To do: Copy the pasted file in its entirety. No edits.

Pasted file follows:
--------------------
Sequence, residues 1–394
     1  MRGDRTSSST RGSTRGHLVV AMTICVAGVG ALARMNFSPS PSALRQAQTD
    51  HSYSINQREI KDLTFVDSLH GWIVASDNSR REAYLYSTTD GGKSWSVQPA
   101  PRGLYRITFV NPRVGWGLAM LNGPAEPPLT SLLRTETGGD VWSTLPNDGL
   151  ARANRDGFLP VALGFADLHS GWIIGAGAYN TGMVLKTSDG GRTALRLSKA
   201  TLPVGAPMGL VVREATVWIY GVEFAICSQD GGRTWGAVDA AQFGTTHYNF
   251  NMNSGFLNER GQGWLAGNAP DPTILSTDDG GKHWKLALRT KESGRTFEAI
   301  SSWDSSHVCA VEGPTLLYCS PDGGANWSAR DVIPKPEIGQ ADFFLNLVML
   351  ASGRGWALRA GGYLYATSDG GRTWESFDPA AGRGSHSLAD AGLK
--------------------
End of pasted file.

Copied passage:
Sequence, residues 1–394
     1  MRGDRTSSST RGSTRGHLVV AMTICVAGVG ALARMNFSPS PSALRQAQTD
    51  HSYSINQREI KDLTFVDSLH GWIVASDNSR REAYLYSTTD GGKSWSVQPA
   101  PRGLYRITFV NPRVGWGLAM LNGPAEPPLT SLLRTETGGD VWSTLPNDGL
   151  ARANRDGFLP VALGFADLHS GWIIGAGAYN TGMVLKTSDG GRTALRLSKA
   201  TLPVGAPMGL VVREATVWIY GVEFAICSQD GGRTWGAVDA AQFGTTHYNF
   251  NMNSGFLNER GQGWLAGNAP DPTILSTDDG GKHWKLALRT KESGRTFEAI
   301  SSWDSSHVCA VEGPTLLYCS PDGGANWSAR DVIPKPEIGQ ADFFLNLVML
   351  ASGRGWALRA GGYLYATSDG GRTWESFDPA AGRGSHSLAD AGLK